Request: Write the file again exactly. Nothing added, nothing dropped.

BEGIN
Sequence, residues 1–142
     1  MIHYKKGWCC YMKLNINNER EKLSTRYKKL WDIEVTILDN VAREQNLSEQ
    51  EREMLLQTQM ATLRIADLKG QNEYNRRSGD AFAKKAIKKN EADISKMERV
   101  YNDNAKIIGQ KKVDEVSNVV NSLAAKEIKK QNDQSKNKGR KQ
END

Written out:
Sequence, residues 1–142
     1  MIHYKKGWCC YMKLNINNER EKLSTRYKKL WDIEVTILDN VAREQNLSEQ
    51  EREMLLQTQM ATLRIADLKG QNEYNRRSGD AFAKKAIKKN EADISKMERV
   101  YNDNAKIIGQ KKVDEVSNVV NSLAAKEIKK QNDQSKNKGR KQ